Pavlyuchenkova leads the head-to-head, 4-3, but Schiavone won their only previous clay encounter at the French Open in 2011, 1-6 7-5 7-5. It’s a match I remember fondly because it had bucket loads of drama! Pavs had been rolling before Schiavone came roaring back into contention. The Russian player mounted a late comeback but it wasn’t quite enough. One player will head into Madrid having won two consecutive titles on the WTA tour…

Never leave us, Fran.

Tiebreak Tens took place on Thursday night with Simona Halep and Grigor Dimitrov crowned the champs. There were some nice moments up at the net!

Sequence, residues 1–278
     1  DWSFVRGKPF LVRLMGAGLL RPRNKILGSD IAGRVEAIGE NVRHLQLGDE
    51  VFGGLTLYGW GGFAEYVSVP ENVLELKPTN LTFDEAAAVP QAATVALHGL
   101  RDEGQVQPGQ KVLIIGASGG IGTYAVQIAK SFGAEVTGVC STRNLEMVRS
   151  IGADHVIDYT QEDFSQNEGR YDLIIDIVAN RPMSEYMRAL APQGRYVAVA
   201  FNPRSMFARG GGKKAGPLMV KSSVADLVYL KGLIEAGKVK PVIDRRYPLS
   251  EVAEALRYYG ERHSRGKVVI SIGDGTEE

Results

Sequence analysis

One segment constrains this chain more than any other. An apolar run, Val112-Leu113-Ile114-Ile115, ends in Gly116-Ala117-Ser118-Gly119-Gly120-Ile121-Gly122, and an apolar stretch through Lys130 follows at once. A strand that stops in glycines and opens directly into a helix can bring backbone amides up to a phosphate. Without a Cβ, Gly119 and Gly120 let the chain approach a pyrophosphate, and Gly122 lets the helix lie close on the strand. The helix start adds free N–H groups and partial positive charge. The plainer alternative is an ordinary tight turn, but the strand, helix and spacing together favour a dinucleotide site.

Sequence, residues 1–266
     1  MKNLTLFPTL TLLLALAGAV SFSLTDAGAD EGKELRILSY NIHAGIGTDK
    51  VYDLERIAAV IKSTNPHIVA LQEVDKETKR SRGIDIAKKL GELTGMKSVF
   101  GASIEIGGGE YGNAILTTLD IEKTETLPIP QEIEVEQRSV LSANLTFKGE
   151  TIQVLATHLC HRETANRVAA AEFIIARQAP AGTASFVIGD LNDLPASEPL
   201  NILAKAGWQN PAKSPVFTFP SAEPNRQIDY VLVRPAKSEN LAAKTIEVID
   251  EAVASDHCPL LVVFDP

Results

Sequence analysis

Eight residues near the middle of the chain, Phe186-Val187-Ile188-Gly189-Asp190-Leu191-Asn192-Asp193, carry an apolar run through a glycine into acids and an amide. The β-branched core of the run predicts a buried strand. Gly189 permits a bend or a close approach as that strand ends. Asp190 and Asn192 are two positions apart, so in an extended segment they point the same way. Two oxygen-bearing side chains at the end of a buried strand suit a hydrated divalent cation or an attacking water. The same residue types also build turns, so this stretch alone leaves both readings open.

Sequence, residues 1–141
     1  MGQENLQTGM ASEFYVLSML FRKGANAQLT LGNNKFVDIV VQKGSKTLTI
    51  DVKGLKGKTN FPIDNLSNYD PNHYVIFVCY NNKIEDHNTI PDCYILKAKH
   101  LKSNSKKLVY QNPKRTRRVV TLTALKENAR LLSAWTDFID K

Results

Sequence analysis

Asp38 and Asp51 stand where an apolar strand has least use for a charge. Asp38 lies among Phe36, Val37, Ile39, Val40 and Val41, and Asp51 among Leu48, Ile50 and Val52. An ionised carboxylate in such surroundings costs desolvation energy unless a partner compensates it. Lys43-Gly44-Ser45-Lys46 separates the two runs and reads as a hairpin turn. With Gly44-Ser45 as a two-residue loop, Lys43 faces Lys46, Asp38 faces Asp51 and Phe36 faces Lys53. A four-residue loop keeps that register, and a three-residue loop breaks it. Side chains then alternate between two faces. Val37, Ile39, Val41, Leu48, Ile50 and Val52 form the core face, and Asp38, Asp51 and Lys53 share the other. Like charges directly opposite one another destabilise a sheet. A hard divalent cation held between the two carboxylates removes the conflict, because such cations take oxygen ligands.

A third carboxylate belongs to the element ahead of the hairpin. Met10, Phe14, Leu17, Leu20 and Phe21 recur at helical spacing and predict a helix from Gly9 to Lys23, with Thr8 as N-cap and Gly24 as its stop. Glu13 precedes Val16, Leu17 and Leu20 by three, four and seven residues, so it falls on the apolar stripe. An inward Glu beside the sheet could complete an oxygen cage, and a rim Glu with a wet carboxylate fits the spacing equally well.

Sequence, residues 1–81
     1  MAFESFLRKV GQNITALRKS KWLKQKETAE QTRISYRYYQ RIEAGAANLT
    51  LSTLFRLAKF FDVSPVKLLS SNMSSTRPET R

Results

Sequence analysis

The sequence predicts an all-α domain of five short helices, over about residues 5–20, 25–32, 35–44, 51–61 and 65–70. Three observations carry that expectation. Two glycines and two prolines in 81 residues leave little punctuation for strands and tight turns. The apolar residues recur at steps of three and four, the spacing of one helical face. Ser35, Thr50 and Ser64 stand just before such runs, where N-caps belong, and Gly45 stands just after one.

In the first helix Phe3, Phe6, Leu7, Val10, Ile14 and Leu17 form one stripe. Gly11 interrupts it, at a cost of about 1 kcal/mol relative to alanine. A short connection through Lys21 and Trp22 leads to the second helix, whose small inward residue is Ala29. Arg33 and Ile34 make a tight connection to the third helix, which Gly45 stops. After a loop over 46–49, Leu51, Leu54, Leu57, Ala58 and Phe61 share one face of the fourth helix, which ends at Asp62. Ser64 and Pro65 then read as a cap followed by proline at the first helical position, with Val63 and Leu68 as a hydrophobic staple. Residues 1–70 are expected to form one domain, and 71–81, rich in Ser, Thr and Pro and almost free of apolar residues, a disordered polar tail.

A sweeping main draw preview for Madrid is up on the blog including mini-previews for eight of the most tantalising first round matches.

Agnieszka Radwanska is out of both Madrid and Rome, citing a foot injury. Something feels odd about this announcement since Radwanska was part of Tiebreak Tens on Thursday. I wonder if something is going on behind the scenes. Anyway, hope all is good with Aga and she’ll be back for the French Open.

The doubles draw for Madrid is also out.

I’m really enjoying The Body Serve Podcast this year. This week’s episode included a recap of Stuttgart from René Denfeld who was on site at the Porsche Tennis Grand Prix.

Player announcements are coming thick and fast for Eastbourne. Caroline Wozniacki and Svetlana Kuznetsova have joined the original quartet of Johanna Konta, Karolina Pliskova, Dominika Cibulkova and Agnieszka Radwanska. There are few Centre Court tickets left for the latter stages of the tournament so get in quick if you are planning to attend!